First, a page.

What on earth is Kevin Kelly's "field" supposed to be? He's an energetic and interesting guy with an eye for neat techie stuff, and yeah, I also like Cool Tools,* but he's always preposterously wrong when he makes broad claims like this about society or history. (Yes, always: I say there is no Kevin Kelly historical argument that has ever been plausible on this planet.) He specializes in exactly this kind of broad-brush, obviously indefensible generalizing, nearly always about the history of science, a field of which he appears to have only the most superficial knowledge and in which he has no education. His work gets the mileage it does by being provocative and glib, and by being pitched as "outside-the-box" thinking to audiences with backgrounds in engineering/geekery/hard science but not used to thinking about history and society. It's a formula that later writers like Jared Diamond or Malcolm Gladwell have used to great effect, but Kelly pioneered it.

* despite Cool Tools also seeming like a constant reminder that Kelly was the person principally responsible for depoliticizing and defanging the Whole Earth Catalog into something indistinguishable from the commodity-fetish catalogs that it initially meant to mock
posted by RogerB at 7:54 PM on February 1, 2011 [2 favorites]


Ooh! Ooh! I've got one. Lobotomy tools. (hopefully)
posted by msalt at 8:08 PM on February 1, 2011


I submit that human languages are tools, cultural constructs.

And languages have gone extinct; thousands more are at risk today, as indigenous languages are replaced by colonizing languages.
posted by orthogonality at 8:34 PM on February 1, 2011 [1 favorite]


I posted an AskMe a while back that posed a similar question with a slightly wider framing.

As the comments suggest, the stuff of everyday life rarely vanishes entirely from the earth.
posted by holgate at 8:59 PM on February 1, 2011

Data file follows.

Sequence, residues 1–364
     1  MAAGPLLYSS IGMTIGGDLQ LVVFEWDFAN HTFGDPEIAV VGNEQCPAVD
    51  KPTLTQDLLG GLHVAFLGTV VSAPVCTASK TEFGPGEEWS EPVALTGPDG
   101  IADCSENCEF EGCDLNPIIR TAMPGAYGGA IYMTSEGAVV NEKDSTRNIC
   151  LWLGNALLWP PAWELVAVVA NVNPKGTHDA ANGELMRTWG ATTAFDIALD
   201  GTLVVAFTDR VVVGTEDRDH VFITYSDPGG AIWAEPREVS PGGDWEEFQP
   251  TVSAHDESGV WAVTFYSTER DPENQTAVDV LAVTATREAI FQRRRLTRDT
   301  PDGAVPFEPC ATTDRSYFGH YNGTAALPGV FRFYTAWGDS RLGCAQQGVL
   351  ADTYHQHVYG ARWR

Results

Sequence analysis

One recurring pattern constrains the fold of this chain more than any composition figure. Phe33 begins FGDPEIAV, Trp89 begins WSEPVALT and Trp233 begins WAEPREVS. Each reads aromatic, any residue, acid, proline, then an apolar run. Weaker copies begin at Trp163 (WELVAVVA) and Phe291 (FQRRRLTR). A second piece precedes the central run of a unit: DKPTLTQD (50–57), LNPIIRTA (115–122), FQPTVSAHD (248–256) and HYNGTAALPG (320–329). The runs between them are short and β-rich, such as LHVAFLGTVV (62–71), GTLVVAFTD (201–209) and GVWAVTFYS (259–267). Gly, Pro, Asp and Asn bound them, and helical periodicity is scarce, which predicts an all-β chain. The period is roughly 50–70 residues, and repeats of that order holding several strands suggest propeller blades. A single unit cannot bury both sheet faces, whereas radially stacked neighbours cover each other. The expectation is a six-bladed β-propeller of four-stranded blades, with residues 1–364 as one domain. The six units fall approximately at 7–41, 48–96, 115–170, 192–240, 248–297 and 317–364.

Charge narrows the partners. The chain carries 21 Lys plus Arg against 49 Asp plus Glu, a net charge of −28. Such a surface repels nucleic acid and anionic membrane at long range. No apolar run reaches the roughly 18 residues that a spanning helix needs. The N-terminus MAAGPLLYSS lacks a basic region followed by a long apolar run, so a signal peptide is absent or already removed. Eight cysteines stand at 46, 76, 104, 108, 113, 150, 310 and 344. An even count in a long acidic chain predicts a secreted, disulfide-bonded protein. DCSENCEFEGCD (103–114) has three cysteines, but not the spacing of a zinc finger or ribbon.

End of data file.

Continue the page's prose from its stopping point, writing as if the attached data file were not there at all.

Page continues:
msalt: "Ooh! Ooh! I've got one. Lobotomy tools. (hopefully"

knitting needles, innit?
posted by mwhybark at 9:17 PM on February 1, 2011


Schmod, you're probably thinking of the OEX recorder which used tape.
posted by LastOfHisKind at 9:18 PM on February 1, 2011


in passing, isn't KK one of Mefi's Own? I could swear he dropped in on an earlier thread.
posted by mwhybark at 9:20 PM on February 1, 2011


So, tell me then, where I can go buy my own working, physical (not software) Antikythera mechanism.

Oh sure, "no species...", well, the reason people are astonished by it is that it is in a class far beyond anything else ever conceived (at least, up until the 20th century).
What are you talking about? First of all, people do make replicas of it. Secondly The Antikythera mechanism is an Orrery, something that people started making again in the 1700s. It isn't even remotely that complicated or advanced by 20th century standards. I can't even fathom where you got that idea.
posted by delmoi at 9:24 PM on February 1, 2011


Collecting dust to my dismay.
posted by Sailormom at 9:53 PM on February 1, 2011


I say there is no Kevin Kelly historical argument that has ever been plausible on this planet.

Oh yeah? What about that time when... um...

Touche, sir. Touche.
posted by Pickman's Next Top Model at 10:12 PM on February 1, 2011 [1 favorite]


Ooh! Ooh! I've got one. Lobotomy tools. (hopefully)